"The Phantom" builds to a vivid ending where Megan's thespian dreams come true. Dressed like a fairytale princess, she stands on an illuminated soundstage for a Butler shoes commercial. Don walks away, leaving behind the diorama and heading into the darkness of his old ways. "You only live twice, one life for yourself, and one for your dreams," Nancy Sinatra sings as the season comes to its bitter close. Don returns to the bar where an attractive woman asks if he is alone. The final image is a close up of his smolder, cutting to black before he can answer. "The Phantom" has a heavy existential dread that separates it from other episodes. Its end sequence is visually striking, leading up to a last shot that packs a powerful punch and builds much anticipation for another season where Don is back to his old ways. 

12. Commissions and Fees (season 5, episode 12)

"Mad Men" season 5, episode 12 "Commission and Fees" hits like a ton of bricks because it features the untimely death of the jolly accountant Lane Pryce. Don is forced to fire Layne after he secretly embezzles company funds and forges Don's signature. The entire ensemble nails their portrayal of such a terrifying situation; their slack-jawed reactions to the sight of Lane's body are absolutely devastating — especially Jon Hamm's reaction as Don, who had told Lane that there would be a way for him to start over and create a new life for himself, just like he did. 

This episode also contains one of "Mad Men's" most poignant quotes, which Don spits out while trying to win over Dow: "What is happiness? It's a moment before you need more happiness." There is always an insatiable hunger for more, but for many — like Lane — happiness is too elusive. "Commission and Fees" is a potent blend of horror, melancholy, shock, and even black humor. It's the most harrowing episode of the series.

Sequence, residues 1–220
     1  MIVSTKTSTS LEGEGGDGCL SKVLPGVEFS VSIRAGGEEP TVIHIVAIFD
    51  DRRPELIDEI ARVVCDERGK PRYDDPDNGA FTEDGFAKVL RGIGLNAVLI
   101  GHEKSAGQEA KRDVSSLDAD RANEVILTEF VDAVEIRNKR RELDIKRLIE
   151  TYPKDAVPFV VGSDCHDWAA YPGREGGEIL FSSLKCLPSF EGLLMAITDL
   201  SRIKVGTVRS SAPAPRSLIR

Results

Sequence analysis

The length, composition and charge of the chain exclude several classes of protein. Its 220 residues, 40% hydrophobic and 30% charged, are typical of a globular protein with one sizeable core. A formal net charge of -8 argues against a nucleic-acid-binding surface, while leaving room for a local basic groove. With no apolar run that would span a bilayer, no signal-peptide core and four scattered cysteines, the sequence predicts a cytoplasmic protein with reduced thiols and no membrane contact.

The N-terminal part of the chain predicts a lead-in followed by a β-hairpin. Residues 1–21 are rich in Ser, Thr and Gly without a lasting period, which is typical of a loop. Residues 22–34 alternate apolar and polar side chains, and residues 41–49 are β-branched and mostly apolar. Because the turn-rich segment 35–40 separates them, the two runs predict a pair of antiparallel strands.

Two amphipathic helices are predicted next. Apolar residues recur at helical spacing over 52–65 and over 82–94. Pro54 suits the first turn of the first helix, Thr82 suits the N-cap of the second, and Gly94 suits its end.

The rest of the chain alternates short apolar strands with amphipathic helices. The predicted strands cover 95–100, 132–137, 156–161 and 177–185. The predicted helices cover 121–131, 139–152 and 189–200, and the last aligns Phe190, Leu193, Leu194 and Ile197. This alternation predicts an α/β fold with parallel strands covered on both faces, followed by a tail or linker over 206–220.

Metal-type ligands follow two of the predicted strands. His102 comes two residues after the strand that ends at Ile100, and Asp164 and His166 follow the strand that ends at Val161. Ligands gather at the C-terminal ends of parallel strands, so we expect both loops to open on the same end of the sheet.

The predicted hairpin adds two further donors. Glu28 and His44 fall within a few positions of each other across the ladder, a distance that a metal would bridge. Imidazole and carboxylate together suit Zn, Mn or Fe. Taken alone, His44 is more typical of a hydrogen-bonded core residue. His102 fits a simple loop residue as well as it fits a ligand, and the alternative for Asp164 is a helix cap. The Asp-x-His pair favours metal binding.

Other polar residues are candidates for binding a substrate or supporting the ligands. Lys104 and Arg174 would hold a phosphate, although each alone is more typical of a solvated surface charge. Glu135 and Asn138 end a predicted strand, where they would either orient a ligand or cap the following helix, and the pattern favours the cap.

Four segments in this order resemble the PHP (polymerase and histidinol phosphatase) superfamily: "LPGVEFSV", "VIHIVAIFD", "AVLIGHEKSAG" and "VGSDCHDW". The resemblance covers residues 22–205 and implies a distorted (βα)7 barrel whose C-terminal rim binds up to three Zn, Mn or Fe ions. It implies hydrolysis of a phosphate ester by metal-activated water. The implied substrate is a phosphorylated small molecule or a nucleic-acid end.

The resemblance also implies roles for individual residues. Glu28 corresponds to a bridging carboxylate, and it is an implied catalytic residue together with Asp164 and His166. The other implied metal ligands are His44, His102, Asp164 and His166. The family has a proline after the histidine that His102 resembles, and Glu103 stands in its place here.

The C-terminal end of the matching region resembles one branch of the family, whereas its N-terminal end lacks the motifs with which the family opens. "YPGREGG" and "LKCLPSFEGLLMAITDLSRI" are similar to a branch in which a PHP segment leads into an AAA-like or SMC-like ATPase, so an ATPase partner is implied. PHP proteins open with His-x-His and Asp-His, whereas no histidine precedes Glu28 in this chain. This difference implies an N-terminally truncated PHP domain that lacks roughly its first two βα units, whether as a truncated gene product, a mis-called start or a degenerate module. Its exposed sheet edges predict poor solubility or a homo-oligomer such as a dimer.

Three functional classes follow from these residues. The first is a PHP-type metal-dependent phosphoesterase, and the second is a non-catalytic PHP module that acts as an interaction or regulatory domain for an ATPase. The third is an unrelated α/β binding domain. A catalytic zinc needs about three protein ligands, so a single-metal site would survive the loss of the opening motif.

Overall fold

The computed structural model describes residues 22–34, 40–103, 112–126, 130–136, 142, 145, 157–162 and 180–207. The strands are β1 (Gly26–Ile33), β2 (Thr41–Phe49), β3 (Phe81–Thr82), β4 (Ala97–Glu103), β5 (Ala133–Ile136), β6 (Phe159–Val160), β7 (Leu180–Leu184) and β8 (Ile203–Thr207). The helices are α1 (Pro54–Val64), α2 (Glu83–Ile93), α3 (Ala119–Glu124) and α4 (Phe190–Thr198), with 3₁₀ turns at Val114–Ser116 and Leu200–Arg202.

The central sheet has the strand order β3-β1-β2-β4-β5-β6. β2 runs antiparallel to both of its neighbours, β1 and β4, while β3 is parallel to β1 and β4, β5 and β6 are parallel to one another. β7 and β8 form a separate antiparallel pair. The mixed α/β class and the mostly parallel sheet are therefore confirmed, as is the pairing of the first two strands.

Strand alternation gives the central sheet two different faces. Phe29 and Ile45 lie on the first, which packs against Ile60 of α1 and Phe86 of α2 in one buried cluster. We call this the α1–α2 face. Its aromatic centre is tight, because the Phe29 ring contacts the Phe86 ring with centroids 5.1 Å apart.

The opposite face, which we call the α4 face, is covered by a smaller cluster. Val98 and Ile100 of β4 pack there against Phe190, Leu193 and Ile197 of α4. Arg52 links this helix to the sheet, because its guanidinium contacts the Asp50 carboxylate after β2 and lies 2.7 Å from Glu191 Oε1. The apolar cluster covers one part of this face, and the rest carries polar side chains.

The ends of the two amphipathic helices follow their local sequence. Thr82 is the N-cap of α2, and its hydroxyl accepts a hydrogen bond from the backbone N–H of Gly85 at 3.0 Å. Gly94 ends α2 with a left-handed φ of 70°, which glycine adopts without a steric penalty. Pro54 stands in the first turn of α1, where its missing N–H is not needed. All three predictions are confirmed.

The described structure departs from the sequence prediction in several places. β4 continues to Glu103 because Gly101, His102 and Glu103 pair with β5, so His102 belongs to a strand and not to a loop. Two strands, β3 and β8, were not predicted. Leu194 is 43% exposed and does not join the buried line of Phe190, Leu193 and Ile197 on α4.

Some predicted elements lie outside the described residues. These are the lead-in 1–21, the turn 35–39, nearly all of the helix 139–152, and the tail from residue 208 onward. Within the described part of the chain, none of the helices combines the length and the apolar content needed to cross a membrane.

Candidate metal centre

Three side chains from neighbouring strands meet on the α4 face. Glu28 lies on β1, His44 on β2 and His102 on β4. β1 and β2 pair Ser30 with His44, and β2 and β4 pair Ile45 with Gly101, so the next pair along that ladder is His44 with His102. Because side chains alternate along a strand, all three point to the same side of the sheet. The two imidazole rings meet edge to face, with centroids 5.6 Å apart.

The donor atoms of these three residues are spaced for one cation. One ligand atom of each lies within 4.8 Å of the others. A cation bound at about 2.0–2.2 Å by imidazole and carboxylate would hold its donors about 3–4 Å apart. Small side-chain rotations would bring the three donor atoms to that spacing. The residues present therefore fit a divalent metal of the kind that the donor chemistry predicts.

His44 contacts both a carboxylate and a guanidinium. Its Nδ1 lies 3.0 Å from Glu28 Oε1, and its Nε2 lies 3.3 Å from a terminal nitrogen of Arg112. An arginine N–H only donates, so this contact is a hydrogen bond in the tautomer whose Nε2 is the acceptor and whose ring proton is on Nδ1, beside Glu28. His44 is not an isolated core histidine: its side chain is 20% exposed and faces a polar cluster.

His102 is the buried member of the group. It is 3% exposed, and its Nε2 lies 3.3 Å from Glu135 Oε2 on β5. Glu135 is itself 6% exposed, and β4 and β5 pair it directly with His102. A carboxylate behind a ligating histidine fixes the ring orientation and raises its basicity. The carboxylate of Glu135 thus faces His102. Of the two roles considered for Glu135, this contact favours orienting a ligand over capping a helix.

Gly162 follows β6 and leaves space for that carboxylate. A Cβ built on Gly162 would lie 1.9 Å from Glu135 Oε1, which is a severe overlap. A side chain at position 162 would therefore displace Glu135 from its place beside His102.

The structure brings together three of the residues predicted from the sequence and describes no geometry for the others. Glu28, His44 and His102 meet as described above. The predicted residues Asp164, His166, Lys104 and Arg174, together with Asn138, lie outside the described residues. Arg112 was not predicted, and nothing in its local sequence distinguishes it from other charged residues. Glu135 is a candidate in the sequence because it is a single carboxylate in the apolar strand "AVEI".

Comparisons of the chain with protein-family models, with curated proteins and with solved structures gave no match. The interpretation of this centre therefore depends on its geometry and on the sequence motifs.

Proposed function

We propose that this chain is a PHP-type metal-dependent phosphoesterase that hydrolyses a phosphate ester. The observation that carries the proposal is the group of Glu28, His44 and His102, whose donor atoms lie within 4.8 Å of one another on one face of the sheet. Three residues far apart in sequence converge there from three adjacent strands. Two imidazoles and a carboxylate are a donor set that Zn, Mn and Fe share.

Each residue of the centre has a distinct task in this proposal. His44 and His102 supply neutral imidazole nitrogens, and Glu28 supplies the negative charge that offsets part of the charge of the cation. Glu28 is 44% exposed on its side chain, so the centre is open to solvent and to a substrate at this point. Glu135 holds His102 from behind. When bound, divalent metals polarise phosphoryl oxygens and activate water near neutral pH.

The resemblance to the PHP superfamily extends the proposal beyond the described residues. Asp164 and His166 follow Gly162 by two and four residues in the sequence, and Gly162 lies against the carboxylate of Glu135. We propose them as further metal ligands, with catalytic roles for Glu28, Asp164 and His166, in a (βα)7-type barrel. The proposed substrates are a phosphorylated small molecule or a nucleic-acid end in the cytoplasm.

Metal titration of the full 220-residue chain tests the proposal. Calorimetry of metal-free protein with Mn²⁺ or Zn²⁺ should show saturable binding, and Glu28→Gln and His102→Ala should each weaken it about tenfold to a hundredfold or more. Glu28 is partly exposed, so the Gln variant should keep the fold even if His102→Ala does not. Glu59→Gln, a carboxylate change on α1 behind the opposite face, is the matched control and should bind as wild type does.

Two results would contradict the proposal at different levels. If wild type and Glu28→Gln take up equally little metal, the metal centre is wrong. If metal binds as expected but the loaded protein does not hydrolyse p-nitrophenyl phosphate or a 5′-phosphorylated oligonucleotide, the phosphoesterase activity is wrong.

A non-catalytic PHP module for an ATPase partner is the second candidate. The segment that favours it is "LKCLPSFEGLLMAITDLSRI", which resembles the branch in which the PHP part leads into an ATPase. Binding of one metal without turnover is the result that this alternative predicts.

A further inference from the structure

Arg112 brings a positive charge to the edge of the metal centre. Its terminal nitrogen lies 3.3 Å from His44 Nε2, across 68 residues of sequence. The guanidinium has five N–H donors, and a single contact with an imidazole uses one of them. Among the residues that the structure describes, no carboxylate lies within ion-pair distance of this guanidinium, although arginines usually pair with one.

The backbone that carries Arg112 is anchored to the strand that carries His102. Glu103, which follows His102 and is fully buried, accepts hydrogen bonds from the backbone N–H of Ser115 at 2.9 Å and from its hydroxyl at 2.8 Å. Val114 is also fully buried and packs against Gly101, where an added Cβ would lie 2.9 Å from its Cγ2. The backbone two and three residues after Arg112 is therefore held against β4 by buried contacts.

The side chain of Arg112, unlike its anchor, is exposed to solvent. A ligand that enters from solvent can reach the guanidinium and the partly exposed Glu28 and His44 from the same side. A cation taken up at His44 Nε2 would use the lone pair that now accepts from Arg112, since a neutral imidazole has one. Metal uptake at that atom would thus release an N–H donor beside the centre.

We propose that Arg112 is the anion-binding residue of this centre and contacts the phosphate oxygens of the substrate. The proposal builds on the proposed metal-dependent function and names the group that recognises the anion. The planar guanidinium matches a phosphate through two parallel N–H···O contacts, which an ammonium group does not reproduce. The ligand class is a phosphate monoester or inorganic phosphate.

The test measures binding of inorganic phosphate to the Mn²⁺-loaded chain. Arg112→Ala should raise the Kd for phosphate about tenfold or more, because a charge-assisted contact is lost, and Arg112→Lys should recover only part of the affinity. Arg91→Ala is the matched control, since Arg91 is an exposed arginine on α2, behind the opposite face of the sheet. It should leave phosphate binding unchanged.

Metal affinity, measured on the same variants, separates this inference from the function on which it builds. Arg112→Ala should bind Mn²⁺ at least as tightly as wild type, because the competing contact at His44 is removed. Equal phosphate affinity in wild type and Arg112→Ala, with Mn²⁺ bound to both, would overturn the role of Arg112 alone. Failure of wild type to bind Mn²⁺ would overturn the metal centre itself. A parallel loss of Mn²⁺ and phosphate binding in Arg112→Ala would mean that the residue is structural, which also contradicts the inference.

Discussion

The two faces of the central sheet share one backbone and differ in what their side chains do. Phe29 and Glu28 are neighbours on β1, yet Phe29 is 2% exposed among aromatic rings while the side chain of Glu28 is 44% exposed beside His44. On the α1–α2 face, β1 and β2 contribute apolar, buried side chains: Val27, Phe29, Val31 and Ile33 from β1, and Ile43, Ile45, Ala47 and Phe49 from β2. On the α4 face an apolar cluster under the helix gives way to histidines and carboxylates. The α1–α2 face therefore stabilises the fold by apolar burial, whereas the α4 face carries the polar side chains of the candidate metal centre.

11. Waterloo (season 7, episode 7)

This "Mad Men" episode depicts the characters' reactions to the 1969 moon landing. Don and Peggy watch before their Burger Chef pitch, which Peggy nails the next morning. Sally looks at the moon in a telescope and kisses the nerdy boy who shows it to her. Bert praises the country's victory before he passes away. Meanwhile, the shady Cutler tries to get Don fired for breach of contract until Roger holds a secret meeting with McCann Erickson, negotiating a deal to make SCDP an independent subsidiary of McCann and Roger its president. This makes all of the partners filthy rich and salvages Don's job. It's always a blast to watch the hilarious John Slattery wheeling and dealing as Roger. 

The episode closes with a touching send-off to Robert Morse as the eccentric and wise Bert Cooper, all the more poignant now that the actor has sadly passed away. To honor of his famous role in "How to Succeed in Business Without Really Trying," a playful depiction of 1960s corporate America, Morse performs a surreal Broadway dance number with prancing secretaries that warns Don, "The best things in life are free." Jon Hamm's anguished look says it all. "Waterloo" is another fine example of how "Mad Men" interweaves dramatic historical events into the character's lives. The final sequence with Bert Cooper is something completely unexpected, if not a little strange for "Mad Men," but the perfect tribute to Morse's triumphant contribution to the series and theatrical talents.